In Action with Destroyers 1939–1945 — The Wartime Memoirs of Commander J A J Dennis DSC RN by Alec Dennis, Edited by Anthony J Cumming was published by Pen & Sword Maritime on 2 November 2017 (ISBN: 9781526718495).
This book contains the wartime memoirs of Alec Dennis, who served on four destroyers during the Second World War, two of them as the commanding officers.
The destroyers were the workhorses of most navies during the Second World War and Commander Dennis saw action in the North Atlantic, the Mediterranean and the Indian Oceans. The two vessels he commanded were HMS Valorous (the fifth HMS Valorous, ex-HMS Montrose, a V-class flotilla leader of the British Royal Navy that saw service in World War I, the Russian Civil War, and World War II) and HMS Tetcott (a Type II British Hunt-class destroyer built for the Royal Navy during World War II. She was the only Royal Navy ship to be named after the Tetcott fox hunt).
Commander Dennis was mentioned in Despatches three times (Norway, sinking the Scharnhorst and in the North Sea) and awarded the Distinguished Service Cross (Greece 1942).
The experiences of Commander Dennis provide a great read, reading like a Boy’s Own tale. The text is very easy to read and the book is difficult to put down. The editor, Anthony Cumming, has taken pains to preserve most of Dennis’s recollections although he does admit that Dennis removed some recollections that, fairly or unfairly, were not very complimentary to senior officers.
The book was unfortunately released after Dennis’s death. It is split into the following sections, following Acknowledgements, a Foreword, Maps and Editor’s Introduction:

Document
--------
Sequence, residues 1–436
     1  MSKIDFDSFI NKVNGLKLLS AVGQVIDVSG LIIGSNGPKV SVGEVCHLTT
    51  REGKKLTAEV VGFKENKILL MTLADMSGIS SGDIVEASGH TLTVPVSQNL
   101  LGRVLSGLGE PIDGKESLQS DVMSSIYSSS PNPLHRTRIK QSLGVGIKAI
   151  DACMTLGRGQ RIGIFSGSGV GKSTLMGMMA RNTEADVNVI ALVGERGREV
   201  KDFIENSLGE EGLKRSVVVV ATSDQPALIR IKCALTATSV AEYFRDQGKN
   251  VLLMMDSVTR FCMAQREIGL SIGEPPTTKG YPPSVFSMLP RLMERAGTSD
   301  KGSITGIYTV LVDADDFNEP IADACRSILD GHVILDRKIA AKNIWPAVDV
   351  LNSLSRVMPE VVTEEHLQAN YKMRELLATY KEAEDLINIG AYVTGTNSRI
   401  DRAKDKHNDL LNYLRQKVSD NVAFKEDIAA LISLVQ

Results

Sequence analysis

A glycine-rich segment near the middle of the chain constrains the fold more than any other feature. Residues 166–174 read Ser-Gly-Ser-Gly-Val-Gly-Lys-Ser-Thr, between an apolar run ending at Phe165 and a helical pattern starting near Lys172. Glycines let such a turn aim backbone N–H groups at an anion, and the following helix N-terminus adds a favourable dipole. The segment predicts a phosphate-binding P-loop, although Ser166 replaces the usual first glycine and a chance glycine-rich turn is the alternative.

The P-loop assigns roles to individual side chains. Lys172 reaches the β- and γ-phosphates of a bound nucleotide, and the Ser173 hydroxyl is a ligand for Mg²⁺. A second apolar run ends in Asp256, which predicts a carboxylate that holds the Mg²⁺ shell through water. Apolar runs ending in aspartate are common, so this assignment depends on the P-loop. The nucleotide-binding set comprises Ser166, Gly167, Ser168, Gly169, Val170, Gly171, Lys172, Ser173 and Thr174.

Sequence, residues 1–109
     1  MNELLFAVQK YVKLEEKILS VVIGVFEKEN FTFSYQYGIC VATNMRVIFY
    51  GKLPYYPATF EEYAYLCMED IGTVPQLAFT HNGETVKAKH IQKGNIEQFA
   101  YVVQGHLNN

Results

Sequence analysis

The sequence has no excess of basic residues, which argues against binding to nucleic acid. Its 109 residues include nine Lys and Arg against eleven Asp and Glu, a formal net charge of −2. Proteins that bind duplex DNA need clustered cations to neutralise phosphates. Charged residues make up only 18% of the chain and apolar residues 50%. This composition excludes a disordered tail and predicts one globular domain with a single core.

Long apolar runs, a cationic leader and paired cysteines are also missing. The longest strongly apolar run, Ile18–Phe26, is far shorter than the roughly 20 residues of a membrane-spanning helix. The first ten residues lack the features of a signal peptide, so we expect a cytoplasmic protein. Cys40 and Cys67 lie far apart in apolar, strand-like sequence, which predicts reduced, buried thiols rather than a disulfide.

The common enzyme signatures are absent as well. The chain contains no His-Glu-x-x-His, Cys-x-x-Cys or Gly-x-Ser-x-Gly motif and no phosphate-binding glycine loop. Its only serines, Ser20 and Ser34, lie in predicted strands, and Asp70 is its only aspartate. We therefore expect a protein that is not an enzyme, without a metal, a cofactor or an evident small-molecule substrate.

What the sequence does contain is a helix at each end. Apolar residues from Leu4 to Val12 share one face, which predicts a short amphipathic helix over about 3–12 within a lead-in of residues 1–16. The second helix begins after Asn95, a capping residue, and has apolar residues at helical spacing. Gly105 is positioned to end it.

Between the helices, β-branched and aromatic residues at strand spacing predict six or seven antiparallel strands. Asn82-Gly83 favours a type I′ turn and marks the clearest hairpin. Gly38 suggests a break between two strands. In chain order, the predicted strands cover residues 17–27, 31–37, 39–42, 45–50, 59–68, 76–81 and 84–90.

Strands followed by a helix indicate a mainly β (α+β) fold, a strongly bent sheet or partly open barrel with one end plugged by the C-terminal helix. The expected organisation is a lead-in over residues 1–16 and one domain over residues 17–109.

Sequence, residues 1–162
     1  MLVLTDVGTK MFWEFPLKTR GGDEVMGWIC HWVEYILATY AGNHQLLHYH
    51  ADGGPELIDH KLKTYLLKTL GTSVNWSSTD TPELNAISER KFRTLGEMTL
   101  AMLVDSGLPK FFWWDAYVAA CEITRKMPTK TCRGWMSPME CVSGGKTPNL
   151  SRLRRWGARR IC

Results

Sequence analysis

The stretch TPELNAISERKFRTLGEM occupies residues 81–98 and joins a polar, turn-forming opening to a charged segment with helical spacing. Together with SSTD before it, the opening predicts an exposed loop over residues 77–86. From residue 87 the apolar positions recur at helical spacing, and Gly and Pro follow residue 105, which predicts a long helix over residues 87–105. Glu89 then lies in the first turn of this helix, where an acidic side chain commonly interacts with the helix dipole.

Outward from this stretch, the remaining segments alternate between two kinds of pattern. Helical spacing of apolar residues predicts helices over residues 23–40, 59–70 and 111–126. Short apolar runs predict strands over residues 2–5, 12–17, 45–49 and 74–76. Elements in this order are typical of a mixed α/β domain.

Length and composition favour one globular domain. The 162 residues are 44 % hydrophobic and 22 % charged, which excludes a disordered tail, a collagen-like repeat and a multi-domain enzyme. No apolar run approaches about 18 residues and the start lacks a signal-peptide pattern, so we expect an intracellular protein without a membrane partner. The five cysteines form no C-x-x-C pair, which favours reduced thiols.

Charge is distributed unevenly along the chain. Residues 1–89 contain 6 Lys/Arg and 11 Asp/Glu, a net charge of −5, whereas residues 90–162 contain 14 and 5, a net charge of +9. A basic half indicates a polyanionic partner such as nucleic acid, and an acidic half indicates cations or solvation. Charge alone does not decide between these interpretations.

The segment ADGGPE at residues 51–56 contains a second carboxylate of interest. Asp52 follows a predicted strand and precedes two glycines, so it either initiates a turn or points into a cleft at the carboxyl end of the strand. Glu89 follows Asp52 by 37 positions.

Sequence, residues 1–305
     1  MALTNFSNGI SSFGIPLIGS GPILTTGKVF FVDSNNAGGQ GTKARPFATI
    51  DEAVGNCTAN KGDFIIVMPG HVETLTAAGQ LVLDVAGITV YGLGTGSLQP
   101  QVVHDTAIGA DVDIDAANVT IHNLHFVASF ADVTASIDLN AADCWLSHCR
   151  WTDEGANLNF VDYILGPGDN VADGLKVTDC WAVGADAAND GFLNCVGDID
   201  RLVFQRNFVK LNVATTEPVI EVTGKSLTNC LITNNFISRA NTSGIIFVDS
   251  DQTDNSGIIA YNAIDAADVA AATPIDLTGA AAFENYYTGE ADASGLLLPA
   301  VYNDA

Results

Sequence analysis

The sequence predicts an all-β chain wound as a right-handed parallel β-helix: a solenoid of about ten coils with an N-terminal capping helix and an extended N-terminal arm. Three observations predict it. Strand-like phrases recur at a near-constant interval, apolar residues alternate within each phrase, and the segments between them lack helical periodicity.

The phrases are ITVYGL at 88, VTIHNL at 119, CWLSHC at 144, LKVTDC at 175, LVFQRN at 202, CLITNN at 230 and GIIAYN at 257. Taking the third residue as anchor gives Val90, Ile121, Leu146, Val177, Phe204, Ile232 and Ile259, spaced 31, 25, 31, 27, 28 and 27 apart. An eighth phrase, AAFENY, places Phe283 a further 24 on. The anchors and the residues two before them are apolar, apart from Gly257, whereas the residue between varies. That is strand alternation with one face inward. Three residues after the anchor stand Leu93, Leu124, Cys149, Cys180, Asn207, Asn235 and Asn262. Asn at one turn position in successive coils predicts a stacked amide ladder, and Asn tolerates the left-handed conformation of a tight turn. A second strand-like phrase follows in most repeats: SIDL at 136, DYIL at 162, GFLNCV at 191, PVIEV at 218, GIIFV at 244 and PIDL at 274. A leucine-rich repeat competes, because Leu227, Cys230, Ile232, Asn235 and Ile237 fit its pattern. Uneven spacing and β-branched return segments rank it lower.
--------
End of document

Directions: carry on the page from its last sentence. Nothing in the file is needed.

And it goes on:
The End of Peace and the Phoney War
The Finest Hour
Crisis in the Mediterranean
The Far East ann Back
The Tide Turns
The Final Victory
This is followed by the Editor’s Historical Notes, End Notes, Bibliography and an Index. There are around 20 illustrations in the centre of the book as well.
It has been a fairly stressful few weeks for me here but a few pages of this book in the evening transports me to those momentous days of the Second World War and a feeling of what life was like on the workhorses of the fleet – the destroyers. A brilliant read!
We all know the Battle of Actium — Antony and Cleopatra’s final act against Octavian and the start of the Augustan Peace in Rome, albeit now with an Emperor. Professor Lee Fratantuono re-examines the ancient evidence and presents a compelling and solidly documented account of what took place in the waters off the promontory of Leucas in late August and early September of 31 B.C.
Rather than present a coherent story cross referencing different sources, Prof Fratantuono has adopted an approach when examining the battle of looking at the sources independently and then analyzing the evidence presented by them to draw his conclusions.
Fratantuono notes in the preface that his,
“interest in Actium has romance as its genesis: the twin lures of poetry and cinema, the poets of Augustan Rome and the cinematic depiction of the battle in Mankiewicz’s 1963 Cleopatra, a film that despite is numerous problems of both film quality and historical accuracy, was a contributing factor to [his] early interest in antiquity”
He goes on later to note that the methodology used in this study “will be to examine closely the surviving literary attestation of the naval conflict at Actium, with a view to reconstruction and analysis of what might have happened”.
This is the approach he takes with the first part of the book looking at Greek Historical Sources. These are:
the Evidence of Plutarch
The Lost Appian
The Evidence of Dio Cassius
The Evidence of Josephus
The Second Part deals with Roman Historical Sources
Lost Roman Sources
Florus’ and Eutropius’ Detached Accounts
The Evidence of Orosius
The Third Part looks at Actium in Verse
The Shield of Aeneas
Horace’s Epodes — The Earliest Evidence?
Horace’s Cleopatra Ode
The Evidence of Elegy: Propertius
The Allegorized Actium
The Lost Carmen de Bello Aegyptiaco/Atiaco
Part Four then is Analyzing the Evidence
So What Really Happened?
The Birth of a Romantic Legend
Part Five examines the Aftermath
‘Death Comes in the End’
The book finishes with an Afterword looking at Actium and Roman Naval Practice.